“Obviously, he’s a hell of a player,” said Olson. “He’s having a year that I don’t think anybody’s surprised by. I don’t want to speak for him, because every situation is different. [But] he’s obviously having a little better year than me, too.”

So what, if anything, do those two long-term deals mean for the Red Sox and what do they mean for Devers?

Already, Devers made it clear to the Sox this spring that he disagreed with the idea that Olson — based both on age (two years old) and position (first base, as opposed to third) — represented an ideal point of comparison, a notion he reiterated at the All-Star break.

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Matt Olson signed an eight-year, $168 million deal after joining the Braves.FRANK FRANKLIN II/Associated Press

“I know my value,” Devers said through translator Bryan Loor-Almonte in mid-July. “I don’t want to be compared with anyone else, regardless of what the position is. I’m me, and that’s who I want to be compared to. I know what my value is.”

Still, other contracts invariably serve as points of comparison. There’s some skepticism in the baseball industry that Devers will find a 10-year deal if he reaches free agency, but most expect that any extension would have to comfortably clear the $21.2 million average annual value of Riley’s deal — struck three years before the Atlanta star’s potential free agency — given that Devers will be just one year from the open market this winter.

A seven- or eight-year deal for more than $200 million would surprise no one. Devers might aim higher at a time when some young stars (Mookie Betts, Francisco Lindor, Fernando Tatis Jr., and Manny Machado, among others) have received guarantees in excess of $300 million, but there’s a good chance that he’d have to explore free agency to hit such a mark. It’s his prerogative to decide whether or not the deals of Atlanta’s two infielders should have any sway over his talks with the Sox.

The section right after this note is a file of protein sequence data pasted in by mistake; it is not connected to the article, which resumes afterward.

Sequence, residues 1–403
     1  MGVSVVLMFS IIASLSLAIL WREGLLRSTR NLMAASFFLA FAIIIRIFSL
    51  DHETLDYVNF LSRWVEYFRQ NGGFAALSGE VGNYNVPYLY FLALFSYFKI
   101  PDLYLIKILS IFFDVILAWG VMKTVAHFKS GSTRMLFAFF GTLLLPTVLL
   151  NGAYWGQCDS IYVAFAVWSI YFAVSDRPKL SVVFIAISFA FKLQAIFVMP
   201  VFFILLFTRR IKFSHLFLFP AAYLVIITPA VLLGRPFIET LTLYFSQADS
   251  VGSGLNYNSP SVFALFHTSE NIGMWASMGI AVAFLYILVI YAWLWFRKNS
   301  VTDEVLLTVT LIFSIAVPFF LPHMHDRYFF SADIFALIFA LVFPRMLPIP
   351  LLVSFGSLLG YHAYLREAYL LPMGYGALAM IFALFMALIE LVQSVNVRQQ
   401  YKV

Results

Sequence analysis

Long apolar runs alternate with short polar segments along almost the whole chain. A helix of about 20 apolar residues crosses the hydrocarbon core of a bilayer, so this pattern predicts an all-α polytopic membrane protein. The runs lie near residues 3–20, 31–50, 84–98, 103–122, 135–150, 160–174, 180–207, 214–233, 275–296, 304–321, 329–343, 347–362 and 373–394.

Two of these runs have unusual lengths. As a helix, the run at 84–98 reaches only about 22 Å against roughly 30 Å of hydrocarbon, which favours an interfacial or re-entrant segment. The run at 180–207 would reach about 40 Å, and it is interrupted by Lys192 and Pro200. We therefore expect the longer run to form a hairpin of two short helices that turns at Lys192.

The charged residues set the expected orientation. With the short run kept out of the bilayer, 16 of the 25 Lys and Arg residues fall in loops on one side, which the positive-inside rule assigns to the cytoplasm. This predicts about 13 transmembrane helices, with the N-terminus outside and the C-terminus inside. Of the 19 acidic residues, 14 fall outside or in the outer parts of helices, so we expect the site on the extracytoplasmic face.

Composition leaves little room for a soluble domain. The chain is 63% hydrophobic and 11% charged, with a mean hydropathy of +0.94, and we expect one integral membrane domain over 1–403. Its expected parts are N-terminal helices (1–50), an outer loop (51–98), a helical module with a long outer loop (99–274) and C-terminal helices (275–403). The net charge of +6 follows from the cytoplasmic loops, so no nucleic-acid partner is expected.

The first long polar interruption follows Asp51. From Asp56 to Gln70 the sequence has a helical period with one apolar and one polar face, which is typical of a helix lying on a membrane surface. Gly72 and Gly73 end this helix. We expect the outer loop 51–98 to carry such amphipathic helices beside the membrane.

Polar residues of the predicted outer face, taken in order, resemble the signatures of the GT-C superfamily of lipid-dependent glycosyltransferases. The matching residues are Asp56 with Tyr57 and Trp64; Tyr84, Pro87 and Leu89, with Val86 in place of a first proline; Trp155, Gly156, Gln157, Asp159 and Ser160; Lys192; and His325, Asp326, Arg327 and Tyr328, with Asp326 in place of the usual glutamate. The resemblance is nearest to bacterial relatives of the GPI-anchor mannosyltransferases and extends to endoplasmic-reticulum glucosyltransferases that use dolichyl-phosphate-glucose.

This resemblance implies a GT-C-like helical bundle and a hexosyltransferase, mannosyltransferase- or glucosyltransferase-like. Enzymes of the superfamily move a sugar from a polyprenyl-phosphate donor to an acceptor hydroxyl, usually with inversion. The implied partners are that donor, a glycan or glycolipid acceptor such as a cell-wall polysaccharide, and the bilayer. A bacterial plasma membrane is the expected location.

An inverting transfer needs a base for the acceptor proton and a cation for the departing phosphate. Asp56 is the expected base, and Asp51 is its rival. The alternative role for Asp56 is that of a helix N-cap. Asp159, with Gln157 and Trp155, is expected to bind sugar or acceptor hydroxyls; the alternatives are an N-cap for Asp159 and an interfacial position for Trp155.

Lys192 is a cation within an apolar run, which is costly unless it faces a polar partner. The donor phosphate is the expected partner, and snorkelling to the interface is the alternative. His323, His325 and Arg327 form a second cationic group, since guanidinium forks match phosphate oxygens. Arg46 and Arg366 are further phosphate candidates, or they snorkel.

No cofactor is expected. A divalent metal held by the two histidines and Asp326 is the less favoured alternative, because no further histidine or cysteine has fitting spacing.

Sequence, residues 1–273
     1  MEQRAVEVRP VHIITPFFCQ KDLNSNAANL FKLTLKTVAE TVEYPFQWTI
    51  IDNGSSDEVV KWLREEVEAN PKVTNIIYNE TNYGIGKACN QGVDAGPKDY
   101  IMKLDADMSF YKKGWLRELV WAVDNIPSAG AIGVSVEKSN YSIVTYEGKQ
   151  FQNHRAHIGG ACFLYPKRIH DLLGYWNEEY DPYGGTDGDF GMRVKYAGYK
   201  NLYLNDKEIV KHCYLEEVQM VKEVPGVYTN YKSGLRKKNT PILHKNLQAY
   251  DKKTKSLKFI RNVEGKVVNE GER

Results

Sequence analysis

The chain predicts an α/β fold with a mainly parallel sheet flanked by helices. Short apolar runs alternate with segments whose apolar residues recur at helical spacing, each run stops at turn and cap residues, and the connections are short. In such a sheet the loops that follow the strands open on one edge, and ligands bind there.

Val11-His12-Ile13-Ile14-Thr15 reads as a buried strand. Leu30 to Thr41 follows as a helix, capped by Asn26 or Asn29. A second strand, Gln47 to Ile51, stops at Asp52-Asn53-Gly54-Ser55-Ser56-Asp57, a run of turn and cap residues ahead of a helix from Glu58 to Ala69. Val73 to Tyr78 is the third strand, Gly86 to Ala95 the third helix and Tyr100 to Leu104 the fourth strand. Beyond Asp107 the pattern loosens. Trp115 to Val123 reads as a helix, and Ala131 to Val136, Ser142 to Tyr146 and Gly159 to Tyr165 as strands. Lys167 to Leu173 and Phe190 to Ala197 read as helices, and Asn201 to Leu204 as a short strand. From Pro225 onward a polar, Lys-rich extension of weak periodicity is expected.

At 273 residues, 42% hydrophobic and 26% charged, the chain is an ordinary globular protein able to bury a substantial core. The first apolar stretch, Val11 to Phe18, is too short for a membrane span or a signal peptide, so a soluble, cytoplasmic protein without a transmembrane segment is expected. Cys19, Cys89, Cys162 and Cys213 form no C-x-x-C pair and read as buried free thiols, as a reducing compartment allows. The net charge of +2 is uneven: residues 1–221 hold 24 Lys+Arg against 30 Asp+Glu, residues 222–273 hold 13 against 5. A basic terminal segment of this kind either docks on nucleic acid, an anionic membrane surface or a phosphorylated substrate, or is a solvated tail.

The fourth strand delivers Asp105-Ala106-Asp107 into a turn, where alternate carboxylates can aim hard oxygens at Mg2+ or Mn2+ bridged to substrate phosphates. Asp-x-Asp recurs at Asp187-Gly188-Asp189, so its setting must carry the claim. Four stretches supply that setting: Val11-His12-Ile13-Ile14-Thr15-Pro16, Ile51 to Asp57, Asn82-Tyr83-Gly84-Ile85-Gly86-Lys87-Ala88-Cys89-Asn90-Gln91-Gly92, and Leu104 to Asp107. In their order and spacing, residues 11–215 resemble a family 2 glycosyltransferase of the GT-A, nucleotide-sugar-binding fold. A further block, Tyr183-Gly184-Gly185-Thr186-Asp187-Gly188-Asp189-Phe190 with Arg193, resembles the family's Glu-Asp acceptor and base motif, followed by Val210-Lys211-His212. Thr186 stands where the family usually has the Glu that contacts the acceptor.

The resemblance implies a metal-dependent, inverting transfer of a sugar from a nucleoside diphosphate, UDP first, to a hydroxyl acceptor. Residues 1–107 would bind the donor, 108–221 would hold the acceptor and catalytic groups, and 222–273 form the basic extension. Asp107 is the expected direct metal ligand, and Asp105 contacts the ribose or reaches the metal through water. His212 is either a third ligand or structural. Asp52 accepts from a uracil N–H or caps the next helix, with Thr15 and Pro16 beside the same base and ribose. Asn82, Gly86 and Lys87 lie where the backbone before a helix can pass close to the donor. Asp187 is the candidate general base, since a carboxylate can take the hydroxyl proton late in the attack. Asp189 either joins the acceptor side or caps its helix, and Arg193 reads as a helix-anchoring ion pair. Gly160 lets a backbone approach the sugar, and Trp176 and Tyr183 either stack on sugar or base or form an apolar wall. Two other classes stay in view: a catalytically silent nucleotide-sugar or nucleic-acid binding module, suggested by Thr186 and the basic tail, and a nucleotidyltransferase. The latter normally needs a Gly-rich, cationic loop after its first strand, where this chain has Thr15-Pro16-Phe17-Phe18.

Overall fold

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For Riley, it was worth leaving the prospect of greater career earnings on the table to sign with a team and organization he loved, close to both his and his wife’s families, and with a team that quickly got to a number — once Atlanta changed the first digit of his nine-figure deal from a “1″ to a “2″ — that he found acceptable.

“Things did go back and forth, but once things got rolling, they happened quickly. I kind of knew the risk going in that I could potentially make some more down the road,” said Riley. “But I said, ‘I like where I’m at. I can lay my head down and know that I made a good decision.’”

Whether the Sox and Devers find their way to a similar accord remains to be seen. But certainly, the Red Sox star will have two fans in Atlanta who will continue to follow his course with interest and enthusiasm.

“He probably has one of my favorite swings in the big leagues. He’s obviously an incredible hitter. He’s made a lot of improvements defensively, too. A lot of people had some bad stuff to say early on about him, but he’s a good defender,” said Olson. “I love watching him play.”


Alex Speier can be reached at alex.speier@globe.com. Follow him on Twitter at @alexspeier.